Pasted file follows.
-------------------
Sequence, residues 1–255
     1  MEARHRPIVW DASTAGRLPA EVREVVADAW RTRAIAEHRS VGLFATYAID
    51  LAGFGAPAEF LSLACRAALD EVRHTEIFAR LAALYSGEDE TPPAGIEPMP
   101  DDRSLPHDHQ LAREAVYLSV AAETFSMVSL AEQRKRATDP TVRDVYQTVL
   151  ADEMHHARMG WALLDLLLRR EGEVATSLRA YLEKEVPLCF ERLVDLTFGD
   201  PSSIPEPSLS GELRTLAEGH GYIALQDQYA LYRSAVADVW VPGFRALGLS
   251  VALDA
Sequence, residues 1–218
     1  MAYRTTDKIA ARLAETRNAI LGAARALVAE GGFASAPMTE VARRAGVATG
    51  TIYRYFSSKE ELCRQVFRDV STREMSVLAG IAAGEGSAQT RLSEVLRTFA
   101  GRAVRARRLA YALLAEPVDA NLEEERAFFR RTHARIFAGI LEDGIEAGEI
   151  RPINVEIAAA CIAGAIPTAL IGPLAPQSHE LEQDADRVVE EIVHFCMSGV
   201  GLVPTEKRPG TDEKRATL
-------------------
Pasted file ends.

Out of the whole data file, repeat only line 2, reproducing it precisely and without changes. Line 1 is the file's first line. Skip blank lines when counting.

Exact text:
     1  MEARHRPIVW DASTAGRLPA EVREVVADAW RTRAIAEHRS VGLFATYAID